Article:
Explorers of Africa
by Aaron Stutz
Class of 1997
Before the age of European imperialism in
Africa, the interior of the continent was all but unknown to European civilization. Prior
to the colonial interests of the major European nations, the age of exploration in Africa
opened up many parts of the continent's interior. Numerous expeditions, notably those of
Dr. David Livingstone, Sir Richard Burton, John Hanning Speke, Heinrich Barth, de Brazza,
and Sir Henry Stanley, facilitated the rapid colonization of Africa by making known
features of potential interest. These explorers were the key that would open up entirely
new issues of rivalry and conflict between the European powers of the late nineteenth and
twentieth centuries, ultimately contributing to the opening shots of World War One.
One of the first, and most well-known, explorers to penetrate the interior of Africa
was Dr. David Livingstone, a British physician and missionary. He was sent to South Africa
as a medical missionary during 1840, and his subsequent expeditions and discoveries caused
many parts of the extant maps of Africa to be redrawn. Among his many important
contributions are his discovery and exploration of the Zambezi river in its entirety, as
well as several African lakes. During a visit to England in 1865, he wrote Narrative of an
Expedition to the Zambezi and its Tributaries, exposing the slave trade of the Arabs and
the Portuguese, as well as revealing the commercial possibilities of the Zambezi region.
Dr. Livingstone marked the beginning of the influx of explorers into Africa's interior.
Sir Richard Burton and John Hanning Speke, both from England, together explored
Somaliland during 1854, and located Lake Tanganyika in 1858. Speke, traveling
discovered Lake Victoria, the main source of the Nile, a feat which many explorers, even
Dr. David Livingstone, had failed to accomplish. Their explorations contributed to the
potential desirability of parts of Africa for economic purposes.
During 1850 to 1853, Heinrich Barth, from Germany, explored the middle section of the
Niger River and Timbuktu. He published Travels and Discoveries of North and Central Africa
in 1858, which contained detailed maps and information on many of Africa's little-known
regions. Likewise, his explorations mapped parts of many rivers, which would support
commerce by providing a means of transportation.
Pierre-Paul-Francois-Camille Savorgnan de Brazza, an Italian count, explored the Ogowe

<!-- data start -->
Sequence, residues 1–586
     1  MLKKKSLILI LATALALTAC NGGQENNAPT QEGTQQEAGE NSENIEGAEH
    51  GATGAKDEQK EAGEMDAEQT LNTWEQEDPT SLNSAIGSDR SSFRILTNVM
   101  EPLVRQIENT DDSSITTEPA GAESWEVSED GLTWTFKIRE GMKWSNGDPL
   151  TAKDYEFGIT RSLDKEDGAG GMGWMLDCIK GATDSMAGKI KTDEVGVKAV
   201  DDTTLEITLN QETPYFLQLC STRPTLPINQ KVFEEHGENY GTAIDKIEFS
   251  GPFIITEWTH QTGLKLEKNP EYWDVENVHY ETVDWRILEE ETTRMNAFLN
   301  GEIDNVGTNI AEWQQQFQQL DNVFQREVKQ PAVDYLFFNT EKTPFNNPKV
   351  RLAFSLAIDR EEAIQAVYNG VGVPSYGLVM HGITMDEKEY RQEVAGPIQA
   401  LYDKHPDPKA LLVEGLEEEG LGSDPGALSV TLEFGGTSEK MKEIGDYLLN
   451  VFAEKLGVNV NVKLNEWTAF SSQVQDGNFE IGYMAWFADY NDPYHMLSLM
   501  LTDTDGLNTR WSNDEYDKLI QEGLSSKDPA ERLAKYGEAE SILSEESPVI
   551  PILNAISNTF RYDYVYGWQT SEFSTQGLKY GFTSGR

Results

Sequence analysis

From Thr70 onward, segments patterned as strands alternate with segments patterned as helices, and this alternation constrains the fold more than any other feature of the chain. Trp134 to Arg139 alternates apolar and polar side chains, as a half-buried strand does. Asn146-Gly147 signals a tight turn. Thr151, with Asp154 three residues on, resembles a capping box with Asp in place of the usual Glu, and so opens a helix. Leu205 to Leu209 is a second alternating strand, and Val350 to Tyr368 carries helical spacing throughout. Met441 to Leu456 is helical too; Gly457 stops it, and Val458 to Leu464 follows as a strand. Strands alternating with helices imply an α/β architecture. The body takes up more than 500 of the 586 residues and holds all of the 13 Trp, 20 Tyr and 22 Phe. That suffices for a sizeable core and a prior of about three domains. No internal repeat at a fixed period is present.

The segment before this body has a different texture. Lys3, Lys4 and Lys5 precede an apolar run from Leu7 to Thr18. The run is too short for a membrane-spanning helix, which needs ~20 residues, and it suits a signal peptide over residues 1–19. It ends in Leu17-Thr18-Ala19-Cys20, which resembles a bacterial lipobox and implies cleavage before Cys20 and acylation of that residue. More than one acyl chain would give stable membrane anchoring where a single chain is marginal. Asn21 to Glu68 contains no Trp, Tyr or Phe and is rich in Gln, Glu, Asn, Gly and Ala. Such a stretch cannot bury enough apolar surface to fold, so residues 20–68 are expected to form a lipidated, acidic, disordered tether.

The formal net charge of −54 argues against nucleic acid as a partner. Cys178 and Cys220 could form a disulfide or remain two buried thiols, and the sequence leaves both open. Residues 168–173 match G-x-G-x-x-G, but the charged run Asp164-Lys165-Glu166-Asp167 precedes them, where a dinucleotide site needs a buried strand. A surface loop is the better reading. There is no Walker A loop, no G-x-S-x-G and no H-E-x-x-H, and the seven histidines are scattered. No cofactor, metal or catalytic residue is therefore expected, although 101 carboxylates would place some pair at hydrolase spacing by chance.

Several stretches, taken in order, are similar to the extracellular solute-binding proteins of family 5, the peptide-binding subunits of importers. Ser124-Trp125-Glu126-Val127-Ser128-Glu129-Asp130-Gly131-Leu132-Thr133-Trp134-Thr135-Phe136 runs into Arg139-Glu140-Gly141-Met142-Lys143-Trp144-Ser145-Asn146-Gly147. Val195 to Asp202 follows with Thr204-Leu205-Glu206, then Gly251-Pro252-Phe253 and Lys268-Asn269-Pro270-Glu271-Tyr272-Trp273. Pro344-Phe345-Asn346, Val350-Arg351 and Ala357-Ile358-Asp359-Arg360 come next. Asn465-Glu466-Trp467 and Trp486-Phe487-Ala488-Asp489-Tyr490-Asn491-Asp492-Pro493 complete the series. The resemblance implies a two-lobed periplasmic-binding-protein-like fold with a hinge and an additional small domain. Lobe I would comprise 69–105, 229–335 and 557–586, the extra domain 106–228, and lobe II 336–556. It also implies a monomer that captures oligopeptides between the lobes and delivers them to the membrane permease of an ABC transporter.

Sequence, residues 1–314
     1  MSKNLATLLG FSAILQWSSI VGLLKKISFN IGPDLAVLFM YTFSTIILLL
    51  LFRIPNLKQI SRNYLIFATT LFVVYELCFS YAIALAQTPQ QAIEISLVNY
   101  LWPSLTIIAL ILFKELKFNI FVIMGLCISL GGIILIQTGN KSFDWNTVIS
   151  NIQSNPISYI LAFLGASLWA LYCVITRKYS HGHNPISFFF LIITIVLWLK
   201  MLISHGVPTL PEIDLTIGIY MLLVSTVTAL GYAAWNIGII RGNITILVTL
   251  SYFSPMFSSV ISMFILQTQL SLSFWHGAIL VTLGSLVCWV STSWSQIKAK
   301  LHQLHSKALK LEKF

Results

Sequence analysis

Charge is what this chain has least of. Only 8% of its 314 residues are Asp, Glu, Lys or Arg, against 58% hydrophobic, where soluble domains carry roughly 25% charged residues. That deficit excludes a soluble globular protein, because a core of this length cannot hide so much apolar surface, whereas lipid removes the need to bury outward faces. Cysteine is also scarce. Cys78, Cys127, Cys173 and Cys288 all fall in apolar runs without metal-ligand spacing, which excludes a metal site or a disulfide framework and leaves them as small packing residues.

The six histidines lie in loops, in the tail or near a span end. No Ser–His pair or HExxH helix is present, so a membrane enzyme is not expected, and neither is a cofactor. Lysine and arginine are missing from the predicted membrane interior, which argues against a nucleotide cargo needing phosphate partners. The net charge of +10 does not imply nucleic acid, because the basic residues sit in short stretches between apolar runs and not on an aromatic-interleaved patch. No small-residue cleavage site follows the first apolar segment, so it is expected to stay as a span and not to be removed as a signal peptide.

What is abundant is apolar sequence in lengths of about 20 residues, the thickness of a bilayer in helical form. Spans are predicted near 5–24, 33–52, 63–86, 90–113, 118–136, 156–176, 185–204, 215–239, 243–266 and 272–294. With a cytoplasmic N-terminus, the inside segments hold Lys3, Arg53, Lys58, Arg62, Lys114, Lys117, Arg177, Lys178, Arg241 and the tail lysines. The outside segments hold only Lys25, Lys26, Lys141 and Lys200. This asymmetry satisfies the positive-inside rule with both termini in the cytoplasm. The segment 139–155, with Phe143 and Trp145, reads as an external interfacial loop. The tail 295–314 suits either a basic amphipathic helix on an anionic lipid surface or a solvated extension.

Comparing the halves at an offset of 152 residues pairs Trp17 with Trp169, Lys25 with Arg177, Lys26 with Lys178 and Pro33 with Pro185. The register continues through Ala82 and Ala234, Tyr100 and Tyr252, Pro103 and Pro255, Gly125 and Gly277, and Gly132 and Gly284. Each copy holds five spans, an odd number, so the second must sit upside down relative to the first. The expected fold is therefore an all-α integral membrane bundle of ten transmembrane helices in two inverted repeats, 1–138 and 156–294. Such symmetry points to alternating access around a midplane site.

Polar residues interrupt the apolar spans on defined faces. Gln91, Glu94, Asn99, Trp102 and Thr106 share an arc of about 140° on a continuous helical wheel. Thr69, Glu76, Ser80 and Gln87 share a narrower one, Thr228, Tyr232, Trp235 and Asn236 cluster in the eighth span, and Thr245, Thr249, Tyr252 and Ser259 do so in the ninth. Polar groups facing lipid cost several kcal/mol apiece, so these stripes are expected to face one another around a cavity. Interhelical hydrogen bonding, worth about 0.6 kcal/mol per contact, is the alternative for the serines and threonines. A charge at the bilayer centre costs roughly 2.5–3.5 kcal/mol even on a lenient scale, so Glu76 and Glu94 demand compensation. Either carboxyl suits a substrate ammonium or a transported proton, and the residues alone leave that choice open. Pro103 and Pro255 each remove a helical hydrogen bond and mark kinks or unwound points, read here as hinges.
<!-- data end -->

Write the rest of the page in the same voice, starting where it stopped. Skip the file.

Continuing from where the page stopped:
river from the coast of Gabon to the interior. Being an officer in the French navy, de
Brazza secured many treaties with local chiefs in 1880 which would eventually result in a
French protectorate over the area that became the French Congo. De Brazza secured France a
part in the race for African territory, once it had begun.
Sir Henry Morton Stanley, and Anglo-American journalist and explorer, lead numerous
explorations intended to continue the work of Dr. David Livingstone, who he had lead an
expedition to find in 1871. Funded by the New York Herald and the London Daily Telegraph,
Stanley circumnavigated Lakes Tanganyika and Victoria, and navigated down the Lualaba and
Congo rivers between 1874 and 1877. In 1878, Stanley explored much of the Congo, under the
sponsorship of Leopold II, and claimed the part that de Brazza had not claimed for France.
Before the age of exploration of Africa had finished, the "scramble" for
Africa had begun, with the help of these explorers. Most of Europe interpreted their
expeditions as economic, ethical, and spiritual reasons for the colonization of Europe.
Indeed, most of these explorers strongly urged the colonization of the interior of Africa
by their countrymen. Even Dr. David Livingstone told his assistants in the Zambezi
expedition to remember that they went among the river's tribes "as members of a
superior race and servants of a Government that desires to elevate the more degraded
portions of the human family."[Christopher Hibbert, pg. 426] They opened Africa to
European civilization, creating a new source of conflict that would contribute to the
conflict that was World War One.